The Powell Street station was reopened at about 7:25 p.m. and no other stations were closed during the protests. No significant train delays were caused as a result of the rally.

8:02 PM: According to BART spokesperson Jim Allison, the closure of Powell Street BART station from 5:30-7:25 Thursday evening was decided on by BART police because “demonstrators were creating unsafe conditions for customers trying to enter and exit the faregates near Hallidie Plaza.”

Allison, who has repeatedly told media that “We don’t have a problem with people protesting outside the fare gates,” which he has repeatedly referred to as a “free speech zone,” did not specify what actions of the protesters led to the determination that BART customers were at risk.

Allison did not have an exact number of individuals arrested at tonight’s protest, estimating that “between 20 and 30” were arrested after, he said, they “violated Section 369i of the California Penal Code, which prohibits interfering or disturbing the safe operation of a railroad.”

Appeal pal Julia Bernstein noted at the time of the protest that “they’re kicking all the journalists out of the station.” Allison confirmed that statement, saying that “BART Police Officers and staff repeatedly asked journalists to leave the station when police determined the station needed to be cleared.”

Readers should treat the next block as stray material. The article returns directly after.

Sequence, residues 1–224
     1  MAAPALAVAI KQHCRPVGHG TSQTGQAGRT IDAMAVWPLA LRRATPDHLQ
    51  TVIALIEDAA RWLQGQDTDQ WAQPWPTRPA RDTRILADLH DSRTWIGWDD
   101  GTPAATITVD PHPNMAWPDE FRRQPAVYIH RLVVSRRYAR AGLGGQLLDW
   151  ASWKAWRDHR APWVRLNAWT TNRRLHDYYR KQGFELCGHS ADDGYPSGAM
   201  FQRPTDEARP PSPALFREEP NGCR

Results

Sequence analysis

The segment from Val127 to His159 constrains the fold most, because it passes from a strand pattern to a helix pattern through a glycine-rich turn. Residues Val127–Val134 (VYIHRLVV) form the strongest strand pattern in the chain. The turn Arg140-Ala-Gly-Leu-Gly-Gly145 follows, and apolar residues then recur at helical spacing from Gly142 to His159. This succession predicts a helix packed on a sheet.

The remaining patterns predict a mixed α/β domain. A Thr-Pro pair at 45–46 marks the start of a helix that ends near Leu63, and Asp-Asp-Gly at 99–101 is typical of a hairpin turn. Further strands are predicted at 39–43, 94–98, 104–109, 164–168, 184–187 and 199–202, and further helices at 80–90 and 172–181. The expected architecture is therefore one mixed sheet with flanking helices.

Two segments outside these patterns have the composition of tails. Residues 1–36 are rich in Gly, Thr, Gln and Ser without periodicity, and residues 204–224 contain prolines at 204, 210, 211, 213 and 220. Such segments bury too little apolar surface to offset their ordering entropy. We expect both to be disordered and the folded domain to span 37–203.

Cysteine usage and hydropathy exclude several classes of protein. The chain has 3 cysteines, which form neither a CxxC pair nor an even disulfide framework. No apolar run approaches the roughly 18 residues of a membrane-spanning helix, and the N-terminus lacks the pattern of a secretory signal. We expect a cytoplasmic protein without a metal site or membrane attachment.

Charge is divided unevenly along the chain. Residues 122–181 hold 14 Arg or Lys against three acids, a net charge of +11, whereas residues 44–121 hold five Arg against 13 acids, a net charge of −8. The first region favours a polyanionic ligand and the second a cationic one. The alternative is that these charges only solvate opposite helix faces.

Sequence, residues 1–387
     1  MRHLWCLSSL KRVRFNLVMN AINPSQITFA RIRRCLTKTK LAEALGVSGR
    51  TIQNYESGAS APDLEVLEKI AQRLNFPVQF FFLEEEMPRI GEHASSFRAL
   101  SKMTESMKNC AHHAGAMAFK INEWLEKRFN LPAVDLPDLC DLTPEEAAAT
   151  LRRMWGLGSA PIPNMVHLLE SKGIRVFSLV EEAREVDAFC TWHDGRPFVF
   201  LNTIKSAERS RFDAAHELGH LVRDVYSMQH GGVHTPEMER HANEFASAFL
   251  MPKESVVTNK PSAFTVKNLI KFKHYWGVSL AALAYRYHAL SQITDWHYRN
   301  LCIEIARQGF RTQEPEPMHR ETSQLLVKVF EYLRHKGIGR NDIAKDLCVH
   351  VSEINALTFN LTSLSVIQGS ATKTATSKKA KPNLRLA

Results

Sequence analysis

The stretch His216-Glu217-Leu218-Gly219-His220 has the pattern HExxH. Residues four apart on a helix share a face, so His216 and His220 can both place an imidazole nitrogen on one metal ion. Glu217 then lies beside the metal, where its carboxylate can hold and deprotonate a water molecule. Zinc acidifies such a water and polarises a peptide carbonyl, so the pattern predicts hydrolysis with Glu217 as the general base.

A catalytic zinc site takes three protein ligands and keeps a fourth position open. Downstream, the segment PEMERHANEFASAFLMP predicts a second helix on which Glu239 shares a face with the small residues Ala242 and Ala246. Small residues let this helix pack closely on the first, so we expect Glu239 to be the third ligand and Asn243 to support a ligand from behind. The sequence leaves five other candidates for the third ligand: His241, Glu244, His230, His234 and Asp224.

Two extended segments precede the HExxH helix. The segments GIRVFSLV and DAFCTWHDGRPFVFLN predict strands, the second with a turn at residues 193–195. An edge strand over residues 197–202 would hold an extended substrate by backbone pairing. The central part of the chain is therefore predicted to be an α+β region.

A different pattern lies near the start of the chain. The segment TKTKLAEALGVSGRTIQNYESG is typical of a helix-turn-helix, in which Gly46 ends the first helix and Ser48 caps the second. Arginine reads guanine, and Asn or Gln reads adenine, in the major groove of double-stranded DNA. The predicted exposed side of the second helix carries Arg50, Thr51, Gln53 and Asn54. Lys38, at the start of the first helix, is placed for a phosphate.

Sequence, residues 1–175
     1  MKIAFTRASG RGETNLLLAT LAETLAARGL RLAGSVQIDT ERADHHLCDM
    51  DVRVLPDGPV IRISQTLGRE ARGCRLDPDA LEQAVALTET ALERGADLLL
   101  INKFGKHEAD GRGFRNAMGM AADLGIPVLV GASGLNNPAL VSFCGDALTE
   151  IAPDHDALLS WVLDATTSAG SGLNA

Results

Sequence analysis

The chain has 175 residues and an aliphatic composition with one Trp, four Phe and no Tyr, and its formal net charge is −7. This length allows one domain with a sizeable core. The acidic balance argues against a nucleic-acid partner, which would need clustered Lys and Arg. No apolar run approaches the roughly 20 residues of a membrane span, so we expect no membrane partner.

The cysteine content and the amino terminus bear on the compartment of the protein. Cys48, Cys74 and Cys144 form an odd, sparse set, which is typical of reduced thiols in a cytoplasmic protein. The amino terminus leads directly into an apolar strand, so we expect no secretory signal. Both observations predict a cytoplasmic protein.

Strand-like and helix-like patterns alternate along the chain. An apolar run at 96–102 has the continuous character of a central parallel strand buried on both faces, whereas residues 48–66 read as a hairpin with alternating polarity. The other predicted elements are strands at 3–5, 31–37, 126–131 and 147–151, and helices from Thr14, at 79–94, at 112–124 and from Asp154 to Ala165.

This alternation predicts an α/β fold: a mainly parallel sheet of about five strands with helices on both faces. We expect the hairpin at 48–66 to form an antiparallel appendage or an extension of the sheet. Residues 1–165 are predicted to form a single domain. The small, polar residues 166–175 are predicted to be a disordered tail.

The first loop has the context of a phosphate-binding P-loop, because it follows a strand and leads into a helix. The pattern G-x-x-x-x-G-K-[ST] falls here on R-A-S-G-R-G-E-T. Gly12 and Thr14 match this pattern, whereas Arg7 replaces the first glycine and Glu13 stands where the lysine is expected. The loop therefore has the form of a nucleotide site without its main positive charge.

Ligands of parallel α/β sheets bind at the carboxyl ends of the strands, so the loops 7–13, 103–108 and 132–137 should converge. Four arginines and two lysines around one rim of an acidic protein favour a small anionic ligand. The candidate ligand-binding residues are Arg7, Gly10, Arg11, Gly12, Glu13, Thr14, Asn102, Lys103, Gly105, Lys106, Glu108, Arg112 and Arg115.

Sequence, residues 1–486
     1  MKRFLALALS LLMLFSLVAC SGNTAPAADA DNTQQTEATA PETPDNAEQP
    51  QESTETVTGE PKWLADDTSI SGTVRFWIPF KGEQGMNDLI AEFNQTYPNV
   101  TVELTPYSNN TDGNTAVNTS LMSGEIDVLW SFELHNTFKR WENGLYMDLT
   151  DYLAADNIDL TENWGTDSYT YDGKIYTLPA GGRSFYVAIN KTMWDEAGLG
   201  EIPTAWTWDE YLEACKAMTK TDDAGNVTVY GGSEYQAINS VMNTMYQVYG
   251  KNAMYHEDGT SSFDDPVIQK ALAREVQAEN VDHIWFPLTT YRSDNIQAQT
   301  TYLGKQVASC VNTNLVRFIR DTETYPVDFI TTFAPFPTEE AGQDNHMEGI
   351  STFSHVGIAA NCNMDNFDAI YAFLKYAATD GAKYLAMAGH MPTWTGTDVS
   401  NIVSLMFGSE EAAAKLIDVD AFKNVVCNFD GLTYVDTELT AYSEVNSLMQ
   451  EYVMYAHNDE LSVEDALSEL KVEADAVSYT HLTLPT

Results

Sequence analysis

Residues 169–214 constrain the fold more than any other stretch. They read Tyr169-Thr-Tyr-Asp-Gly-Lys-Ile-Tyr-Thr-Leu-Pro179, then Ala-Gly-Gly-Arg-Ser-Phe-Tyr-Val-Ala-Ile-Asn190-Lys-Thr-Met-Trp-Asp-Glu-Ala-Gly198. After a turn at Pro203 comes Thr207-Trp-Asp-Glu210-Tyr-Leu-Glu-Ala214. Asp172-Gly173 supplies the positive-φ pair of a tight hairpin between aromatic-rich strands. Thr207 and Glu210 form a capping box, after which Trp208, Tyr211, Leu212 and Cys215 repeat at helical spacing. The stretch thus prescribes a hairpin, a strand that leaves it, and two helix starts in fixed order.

6:33 PM: Dozens of protesters have been arrested at BART’s Powell Street station in San Francisco this evening, according to BART police.

Demonstrators gathered at around 5 p.m. to protest the fatal shooting of 45-year-old Charles Hill by BART police in July.

Powell Street station is closed and around 20 to 25 arrests have been made, according to police Deputy Chief Hartwig.

“They’re kicking all the journalists out of the station (and) threatened bystanders with arrest” emailed Appeal pal Julia Bernstein, who took the photo above this evening.

“I tried to email from my phone there, but they shut off cell service in there” Bernstein said.

An attempt to confirm that cell service was shut off by BART has not been responded to by officials. “The cell thing could’ve been a fluke…I have no proof BART officially authorized a cell shutdown,” Bernstein clarified.

Protesters were still gathered outside the gates of the station as of 6 p.m. and police were demanding that all those inside the station, including reporters, leave the premises.

BART officials said all other stations are open and train service is on time.

Bay City News contributed significantly to this report

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the author

Eve Batey is the editor and publisher of the San Francisco Appeal. She used to be the San Francisco Chronicle's Deputy Managing Editor for Online, and started at the Chronicle as their blogging and interactive editor. Before that, she was a co-founding writer and the lead editor of SFist. She's been in the city since 1997, presently living in the Outer Sunset with her husband, cat, and dog. You can reach Eve at eve@sfappeal.com.